We played with positive energy: Cook | cricket | Hindustan Times
Today in New Delhi, India
Apr 25, 2017-Tuesday
-°C
New Delhi
  • Humidity
    -
  • Wind
    -

We played with positive energy: Cook

The England opener feels that the flared tempers visible in the second Test reflected the 'intensity' that the teams played with.

cricket Updated: Aug 01, 2007 22:48 IST
Cook links flared tempers with positive energy

The flared tempers visible in the second cricket Test between India and England reflected the 'intensity and positive energy' that both teams played with and expect more of it in the Oval Test as well, says opener Alastair Cook.

Even as match referee Ranjan Madugalle pleaded restraint after tempers ran high with the jelly bean affair, Cook said the two teams were well within limits and were merely playing with intensity.

"I don't think there was any problem with the way this Test match was played. And I don't think anyone has overstepped the mark over the past five days," Cook wrote in his column for Daily Telegraph.

"You have got to remember that every player out there is playing for his country. England have a proud record to defend in Test matches, especially at home, and I think it is right that we should play our cricket with intensity and positive energy and we will look to continue that at the Oval next week," he added.

Cook also played down the jelly bean incident and said he was "disappointed by the way the saga has been blown up out of all proportion."

"It has ended up overshadowing a hard-fought Test match, in which both teams played some excellent cricket, and the suggestion that it could have affected the final result is quite ridiculous," he added.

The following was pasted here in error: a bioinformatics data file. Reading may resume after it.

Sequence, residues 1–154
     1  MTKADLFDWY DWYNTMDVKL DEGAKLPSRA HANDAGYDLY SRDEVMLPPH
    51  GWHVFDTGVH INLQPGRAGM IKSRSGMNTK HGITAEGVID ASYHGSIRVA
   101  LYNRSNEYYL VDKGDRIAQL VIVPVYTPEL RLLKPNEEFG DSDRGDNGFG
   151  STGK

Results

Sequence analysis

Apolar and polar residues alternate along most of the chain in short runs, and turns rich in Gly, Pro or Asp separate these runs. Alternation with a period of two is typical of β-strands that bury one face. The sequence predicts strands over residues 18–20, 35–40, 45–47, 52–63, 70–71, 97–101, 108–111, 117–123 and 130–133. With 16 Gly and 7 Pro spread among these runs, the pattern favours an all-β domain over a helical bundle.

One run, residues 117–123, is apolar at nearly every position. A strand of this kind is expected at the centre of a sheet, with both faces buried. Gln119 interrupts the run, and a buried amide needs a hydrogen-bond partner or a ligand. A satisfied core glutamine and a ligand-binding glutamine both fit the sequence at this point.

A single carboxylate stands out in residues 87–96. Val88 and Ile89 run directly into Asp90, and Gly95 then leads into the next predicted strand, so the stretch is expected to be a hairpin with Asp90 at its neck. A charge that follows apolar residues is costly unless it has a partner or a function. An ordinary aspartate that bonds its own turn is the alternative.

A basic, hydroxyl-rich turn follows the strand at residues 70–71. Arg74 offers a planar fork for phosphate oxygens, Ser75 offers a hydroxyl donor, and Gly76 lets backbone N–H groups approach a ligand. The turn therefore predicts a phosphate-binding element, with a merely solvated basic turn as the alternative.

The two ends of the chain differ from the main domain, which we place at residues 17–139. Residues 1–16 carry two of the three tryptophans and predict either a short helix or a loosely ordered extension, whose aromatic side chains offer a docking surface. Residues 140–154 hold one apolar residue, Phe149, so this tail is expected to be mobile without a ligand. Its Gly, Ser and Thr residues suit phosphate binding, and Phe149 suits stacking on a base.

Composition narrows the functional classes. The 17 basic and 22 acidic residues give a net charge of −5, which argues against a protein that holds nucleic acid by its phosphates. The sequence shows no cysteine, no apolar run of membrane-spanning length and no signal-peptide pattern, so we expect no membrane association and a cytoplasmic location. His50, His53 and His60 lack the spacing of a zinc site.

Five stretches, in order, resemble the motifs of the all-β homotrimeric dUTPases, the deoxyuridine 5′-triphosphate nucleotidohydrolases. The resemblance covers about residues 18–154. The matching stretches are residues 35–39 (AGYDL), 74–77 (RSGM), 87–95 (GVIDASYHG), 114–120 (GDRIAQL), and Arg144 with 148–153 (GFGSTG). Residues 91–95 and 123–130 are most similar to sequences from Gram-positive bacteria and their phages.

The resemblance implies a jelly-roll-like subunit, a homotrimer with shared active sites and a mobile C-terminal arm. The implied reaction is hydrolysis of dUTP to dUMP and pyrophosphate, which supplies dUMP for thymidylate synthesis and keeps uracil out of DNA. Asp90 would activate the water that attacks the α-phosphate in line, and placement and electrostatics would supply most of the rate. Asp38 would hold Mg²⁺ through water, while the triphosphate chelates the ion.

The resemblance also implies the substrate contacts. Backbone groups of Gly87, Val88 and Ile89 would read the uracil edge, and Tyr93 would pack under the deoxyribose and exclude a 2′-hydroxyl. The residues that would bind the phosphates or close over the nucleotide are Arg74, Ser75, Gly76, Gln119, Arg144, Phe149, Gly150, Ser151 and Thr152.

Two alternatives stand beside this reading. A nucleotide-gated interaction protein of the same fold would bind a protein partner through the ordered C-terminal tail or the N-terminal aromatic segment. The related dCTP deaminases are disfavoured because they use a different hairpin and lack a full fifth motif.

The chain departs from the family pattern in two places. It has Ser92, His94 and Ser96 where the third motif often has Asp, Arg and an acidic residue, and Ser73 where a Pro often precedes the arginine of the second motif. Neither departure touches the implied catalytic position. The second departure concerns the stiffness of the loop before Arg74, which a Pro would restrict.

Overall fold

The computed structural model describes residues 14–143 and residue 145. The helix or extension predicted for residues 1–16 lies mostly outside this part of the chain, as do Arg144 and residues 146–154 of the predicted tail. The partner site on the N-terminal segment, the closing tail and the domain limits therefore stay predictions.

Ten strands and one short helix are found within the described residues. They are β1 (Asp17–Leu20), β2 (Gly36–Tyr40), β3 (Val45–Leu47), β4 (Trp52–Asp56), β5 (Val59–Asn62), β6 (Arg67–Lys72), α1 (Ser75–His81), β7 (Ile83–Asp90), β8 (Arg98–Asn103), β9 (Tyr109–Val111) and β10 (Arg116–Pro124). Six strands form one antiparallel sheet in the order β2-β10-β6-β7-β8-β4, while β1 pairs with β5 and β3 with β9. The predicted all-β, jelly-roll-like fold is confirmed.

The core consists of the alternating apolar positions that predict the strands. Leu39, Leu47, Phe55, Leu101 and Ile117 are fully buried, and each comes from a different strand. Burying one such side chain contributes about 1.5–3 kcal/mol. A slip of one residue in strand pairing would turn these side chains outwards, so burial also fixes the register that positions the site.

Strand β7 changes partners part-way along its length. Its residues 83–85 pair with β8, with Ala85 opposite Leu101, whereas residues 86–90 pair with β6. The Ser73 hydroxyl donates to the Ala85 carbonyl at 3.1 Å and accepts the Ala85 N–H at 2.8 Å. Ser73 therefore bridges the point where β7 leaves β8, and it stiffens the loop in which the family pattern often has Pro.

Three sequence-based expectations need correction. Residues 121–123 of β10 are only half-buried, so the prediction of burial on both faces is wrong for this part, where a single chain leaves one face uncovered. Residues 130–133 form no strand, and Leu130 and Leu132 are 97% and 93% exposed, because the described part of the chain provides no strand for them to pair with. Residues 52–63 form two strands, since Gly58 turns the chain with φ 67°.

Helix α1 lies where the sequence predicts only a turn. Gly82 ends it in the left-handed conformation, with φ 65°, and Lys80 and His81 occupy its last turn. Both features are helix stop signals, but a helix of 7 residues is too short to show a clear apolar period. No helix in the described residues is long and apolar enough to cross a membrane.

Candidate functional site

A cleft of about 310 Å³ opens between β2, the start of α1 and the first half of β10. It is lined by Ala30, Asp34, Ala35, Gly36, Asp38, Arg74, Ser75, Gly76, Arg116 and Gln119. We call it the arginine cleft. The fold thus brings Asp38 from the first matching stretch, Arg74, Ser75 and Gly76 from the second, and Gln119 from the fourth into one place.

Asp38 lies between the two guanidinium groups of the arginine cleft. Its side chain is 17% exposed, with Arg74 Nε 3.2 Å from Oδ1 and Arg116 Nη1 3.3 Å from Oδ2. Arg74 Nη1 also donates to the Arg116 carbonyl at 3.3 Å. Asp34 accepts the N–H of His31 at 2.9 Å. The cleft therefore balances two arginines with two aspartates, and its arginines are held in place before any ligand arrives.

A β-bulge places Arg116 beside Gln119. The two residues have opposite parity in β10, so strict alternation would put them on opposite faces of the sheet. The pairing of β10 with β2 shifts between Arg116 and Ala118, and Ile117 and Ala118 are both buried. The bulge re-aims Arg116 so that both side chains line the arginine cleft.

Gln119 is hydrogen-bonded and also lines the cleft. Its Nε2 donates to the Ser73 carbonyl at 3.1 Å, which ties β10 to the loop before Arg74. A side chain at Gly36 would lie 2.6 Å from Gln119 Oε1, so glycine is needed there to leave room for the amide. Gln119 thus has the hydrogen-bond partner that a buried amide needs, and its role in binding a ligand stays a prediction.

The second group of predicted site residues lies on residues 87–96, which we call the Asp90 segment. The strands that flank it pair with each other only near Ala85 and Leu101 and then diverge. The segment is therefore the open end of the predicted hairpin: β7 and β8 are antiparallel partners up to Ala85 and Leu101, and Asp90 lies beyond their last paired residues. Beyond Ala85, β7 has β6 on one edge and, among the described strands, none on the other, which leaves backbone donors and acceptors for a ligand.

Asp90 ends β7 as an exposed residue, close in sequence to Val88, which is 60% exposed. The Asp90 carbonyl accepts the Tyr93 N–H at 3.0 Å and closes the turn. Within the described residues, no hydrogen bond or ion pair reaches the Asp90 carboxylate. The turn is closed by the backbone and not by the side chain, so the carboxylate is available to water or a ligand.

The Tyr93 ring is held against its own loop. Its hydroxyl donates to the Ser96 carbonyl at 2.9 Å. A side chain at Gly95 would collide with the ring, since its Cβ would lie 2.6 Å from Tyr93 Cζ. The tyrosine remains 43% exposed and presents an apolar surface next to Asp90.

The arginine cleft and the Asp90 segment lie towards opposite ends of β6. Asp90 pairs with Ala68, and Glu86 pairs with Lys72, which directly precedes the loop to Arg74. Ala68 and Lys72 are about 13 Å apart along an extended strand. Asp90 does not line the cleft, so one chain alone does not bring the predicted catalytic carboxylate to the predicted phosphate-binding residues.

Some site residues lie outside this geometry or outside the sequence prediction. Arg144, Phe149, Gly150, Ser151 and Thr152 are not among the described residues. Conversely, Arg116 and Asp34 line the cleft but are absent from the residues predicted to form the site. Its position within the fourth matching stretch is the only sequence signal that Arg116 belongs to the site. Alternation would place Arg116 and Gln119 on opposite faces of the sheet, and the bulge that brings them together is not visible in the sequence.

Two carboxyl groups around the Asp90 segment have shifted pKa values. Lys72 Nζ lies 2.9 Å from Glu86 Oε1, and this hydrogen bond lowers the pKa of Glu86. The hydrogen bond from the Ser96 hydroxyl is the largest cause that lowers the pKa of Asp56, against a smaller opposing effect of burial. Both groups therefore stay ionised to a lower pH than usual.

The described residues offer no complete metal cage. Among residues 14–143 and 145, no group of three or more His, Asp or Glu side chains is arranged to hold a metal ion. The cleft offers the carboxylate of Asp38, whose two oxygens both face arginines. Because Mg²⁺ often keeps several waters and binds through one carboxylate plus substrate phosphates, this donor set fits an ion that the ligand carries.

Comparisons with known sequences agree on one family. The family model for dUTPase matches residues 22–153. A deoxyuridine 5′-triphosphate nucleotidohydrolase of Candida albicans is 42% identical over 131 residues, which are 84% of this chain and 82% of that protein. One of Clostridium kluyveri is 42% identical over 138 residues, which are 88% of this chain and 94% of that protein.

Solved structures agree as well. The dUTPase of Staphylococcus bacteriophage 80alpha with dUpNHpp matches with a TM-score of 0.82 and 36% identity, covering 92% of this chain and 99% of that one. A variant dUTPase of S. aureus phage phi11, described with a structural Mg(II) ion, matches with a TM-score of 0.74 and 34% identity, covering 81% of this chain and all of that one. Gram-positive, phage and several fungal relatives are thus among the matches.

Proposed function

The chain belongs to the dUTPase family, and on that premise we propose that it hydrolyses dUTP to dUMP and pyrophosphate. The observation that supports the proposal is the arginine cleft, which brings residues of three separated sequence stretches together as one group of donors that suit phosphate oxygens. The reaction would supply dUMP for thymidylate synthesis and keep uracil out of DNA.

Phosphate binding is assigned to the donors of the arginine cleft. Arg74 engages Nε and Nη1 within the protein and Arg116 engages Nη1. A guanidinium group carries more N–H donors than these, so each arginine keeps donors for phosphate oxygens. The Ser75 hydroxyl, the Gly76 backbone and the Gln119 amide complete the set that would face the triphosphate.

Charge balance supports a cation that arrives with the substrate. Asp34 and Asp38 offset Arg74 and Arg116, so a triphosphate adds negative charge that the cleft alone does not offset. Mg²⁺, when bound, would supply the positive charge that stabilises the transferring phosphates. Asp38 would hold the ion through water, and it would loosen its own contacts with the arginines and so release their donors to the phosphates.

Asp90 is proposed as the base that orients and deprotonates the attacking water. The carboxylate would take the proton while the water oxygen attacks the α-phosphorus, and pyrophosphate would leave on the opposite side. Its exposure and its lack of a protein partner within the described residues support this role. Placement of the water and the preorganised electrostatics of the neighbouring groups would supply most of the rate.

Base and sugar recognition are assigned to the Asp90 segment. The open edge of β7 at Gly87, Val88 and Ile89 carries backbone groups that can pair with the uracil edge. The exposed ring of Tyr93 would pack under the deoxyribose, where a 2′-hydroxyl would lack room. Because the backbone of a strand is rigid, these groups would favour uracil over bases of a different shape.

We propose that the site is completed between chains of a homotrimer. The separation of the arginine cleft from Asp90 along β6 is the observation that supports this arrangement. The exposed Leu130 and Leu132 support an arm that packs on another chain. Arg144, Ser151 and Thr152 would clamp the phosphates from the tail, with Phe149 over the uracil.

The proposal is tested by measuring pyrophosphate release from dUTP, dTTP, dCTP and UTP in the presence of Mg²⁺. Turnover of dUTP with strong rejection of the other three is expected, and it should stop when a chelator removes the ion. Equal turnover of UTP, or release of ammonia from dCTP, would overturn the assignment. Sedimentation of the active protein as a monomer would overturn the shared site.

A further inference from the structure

Cook was among the English players suspected of throwing the beans on the crease causing offence to Team India pacer Zaheer Khan.

English skipper Michael Vaughan has since apologised for the 'prank'.

Meanwhile, former England captain Sir Ian Botham felt the hosts acted like schoolboys by throwing jelly beans on the crease.

"Jelly Beans on a cricket pitch. Just what on earth was all that about? I'm still waiting for someone to explain the point of that. From where I was sitting it looked like it came straight out of children's hour," Botham wrote in The Mirror.

"I just don't know what they were trying to achieve. I can promise you I've never seen a jelly bean on any cricket field I've played on, and it was just a childish move that probably won't happen again because they'll be so embarrassed by it," he added.

Botham felt the Indians were no better and said S Sreesanth's antics should be a big worry for skipper Rahul Dravid.

"A big worry for the Indians is S Sreesanth because his no-ball from three feet over the crease was not on. I think the Indians will sort him out in-house and let him know he can't carry on that way," he said.

"It was a shame for Sreesanth because I think he is an exceptional talent when he concentrates just on bowling. At the moment I think he is too easily distracted and that is a bit of a problem," he added.